Hello! It’s been a while.
While there hasn’t been a blog post in a while, that doesn’t mean we’ve just been dormant! A lot of work in areas outlined in the last post has happened, and we’re just not at the next big milestone yet. I figured I’d provide an update anyway to showcase some of the stuff that’s happened in more detail.
The largest bulk of progress that happened was in areas outlined in the last post – going through every element we added and making sure it works well and doesn’t suddenly break when someone tries to use it in unconventional ways. Not much more to describe about it, so I’ll shut my mouth now and let the gifs speak for themselves. These are only a couple of the ways in which new elements can be used in Beta 4:
Some NPCs expose a couple of configurations about them to the editor, letting you change their settings per-instance. An example is the fire snake shown above, which can have its length adjusted. Other examples are the SMW minigame cloud which lets you configure how many coins it throws, and the SMW Bowser statue which has a configurable volley of fireballs. The latter is included in another gif below. These settings will only be available in .lvlx level files, which will be the standard starting with Beta 4. Don’t worry, all .lvl files will still be perfectly functional.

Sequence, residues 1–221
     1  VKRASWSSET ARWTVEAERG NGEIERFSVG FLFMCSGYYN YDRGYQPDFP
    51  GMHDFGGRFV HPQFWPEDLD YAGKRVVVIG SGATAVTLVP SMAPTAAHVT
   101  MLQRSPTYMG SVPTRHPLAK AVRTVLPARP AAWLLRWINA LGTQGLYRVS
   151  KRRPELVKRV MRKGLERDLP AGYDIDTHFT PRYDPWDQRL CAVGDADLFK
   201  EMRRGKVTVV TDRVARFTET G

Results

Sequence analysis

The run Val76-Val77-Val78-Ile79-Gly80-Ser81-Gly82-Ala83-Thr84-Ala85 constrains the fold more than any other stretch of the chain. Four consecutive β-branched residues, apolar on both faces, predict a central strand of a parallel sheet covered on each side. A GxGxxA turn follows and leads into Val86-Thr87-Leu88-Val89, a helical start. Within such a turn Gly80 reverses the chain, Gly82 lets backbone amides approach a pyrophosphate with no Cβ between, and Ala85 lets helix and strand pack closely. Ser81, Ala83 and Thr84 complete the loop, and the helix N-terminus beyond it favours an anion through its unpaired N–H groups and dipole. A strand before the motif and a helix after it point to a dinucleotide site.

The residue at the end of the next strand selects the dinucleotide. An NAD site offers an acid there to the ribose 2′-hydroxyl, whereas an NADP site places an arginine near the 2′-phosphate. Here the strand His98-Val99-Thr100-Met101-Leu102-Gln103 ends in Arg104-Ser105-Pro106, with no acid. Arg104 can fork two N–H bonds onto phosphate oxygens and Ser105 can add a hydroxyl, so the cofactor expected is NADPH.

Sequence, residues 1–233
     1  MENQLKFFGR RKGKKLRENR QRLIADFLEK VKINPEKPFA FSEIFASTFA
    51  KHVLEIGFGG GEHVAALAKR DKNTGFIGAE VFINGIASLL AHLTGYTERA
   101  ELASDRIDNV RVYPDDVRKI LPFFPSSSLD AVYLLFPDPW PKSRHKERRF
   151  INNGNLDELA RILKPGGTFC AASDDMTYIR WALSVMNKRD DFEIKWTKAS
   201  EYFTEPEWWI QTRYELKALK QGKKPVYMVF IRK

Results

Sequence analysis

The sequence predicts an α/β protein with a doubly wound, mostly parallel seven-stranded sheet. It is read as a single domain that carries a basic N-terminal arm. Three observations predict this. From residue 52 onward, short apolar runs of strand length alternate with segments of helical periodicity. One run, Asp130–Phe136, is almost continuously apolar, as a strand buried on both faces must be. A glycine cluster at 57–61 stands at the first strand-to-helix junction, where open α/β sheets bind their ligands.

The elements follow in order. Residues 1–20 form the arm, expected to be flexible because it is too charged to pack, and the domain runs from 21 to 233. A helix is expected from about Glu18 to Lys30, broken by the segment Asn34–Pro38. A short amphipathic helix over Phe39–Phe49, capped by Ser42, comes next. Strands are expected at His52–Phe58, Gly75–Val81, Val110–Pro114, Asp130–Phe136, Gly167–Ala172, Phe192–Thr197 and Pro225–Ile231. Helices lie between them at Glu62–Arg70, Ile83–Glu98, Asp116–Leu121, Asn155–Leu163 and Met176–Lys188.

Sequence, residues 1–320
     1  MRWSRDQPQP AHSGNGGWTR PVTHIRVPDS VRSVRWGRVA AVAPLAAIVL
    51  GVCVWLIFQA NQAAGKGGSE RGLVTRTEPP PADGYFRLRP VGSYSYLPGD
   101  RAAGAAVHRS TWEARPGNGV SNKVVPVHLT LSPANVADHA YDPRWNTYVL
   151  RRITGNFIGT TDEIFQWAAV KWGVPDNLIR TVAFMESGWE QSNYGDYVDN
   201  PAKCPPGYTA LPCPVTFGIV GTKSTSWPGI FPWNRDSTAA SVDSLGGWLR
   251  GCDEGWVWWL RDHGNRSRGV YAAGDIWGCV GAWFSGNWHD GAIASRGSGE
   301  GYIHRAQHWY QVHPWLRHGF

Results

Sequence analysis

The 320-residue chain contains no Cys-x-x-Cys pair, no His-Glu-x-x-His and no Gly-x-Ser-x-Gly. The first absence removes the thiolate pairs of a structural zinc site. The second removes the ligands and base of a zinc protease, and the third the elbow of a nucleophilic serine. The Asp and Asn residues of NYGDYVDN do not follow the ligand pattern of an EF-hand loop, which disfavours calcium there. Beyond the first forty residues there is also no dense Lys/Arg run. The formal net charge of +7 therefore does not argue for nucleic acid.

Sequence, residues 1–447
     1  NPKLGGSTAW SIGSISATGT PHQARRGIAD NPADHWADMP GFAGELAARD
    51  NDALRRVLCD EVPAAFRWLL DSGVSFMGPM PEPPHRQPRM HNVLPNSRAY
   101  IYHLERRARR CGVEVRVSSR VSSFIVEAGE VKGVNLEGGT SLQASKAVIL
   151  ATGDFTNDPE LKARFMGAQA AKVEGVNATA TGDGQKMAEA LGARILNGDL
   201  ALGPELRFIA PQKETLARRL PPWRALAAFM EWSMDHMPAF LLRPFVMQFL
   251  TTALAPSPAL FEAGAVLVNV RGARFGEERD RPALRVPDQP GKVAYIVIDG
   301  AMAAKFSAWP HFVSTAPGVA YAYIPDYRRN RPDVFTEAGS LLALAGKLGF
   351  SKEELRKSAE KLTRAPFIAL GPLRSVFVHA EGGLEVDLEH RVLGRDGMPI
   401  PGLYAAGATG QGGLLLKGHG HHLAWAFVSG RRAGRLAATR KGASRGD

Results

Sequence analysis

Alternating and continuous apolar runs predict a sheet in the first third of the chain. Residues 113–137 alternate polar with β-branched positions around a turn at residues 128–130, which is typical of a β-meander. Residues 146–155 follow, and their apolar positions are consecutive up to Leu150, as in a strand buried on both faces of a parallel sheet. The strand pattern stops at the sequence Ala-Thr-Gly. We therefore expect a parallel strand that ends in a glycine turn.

Very common checks we are doing are against the reserve item box, generators, held and thrown state, as well as interactions of NPCs with other NPCs and blocks. The goal is to make all of them possible for all NPCs included. I hope you will check them all out and find cool things you can do with them!
We’re also beefing up some older elements. The new blocks of Beta 3 didn’t always support contained NPCs, for example. There was some room for improvement which we’ve now used. That isn’t to say the old elements were weak. See it more as a Power-Up for Beta 3 elements.
The above gif is from my own testing and tweaking of these elements. The others are compilation of some of these results.
(debugging of Stretches)
The goal is that people don’t have to worry about any crashes when using SMBX in creative ways, and I hope you understand the long development time that comes as a result of this.
That’s all for today. See you next time!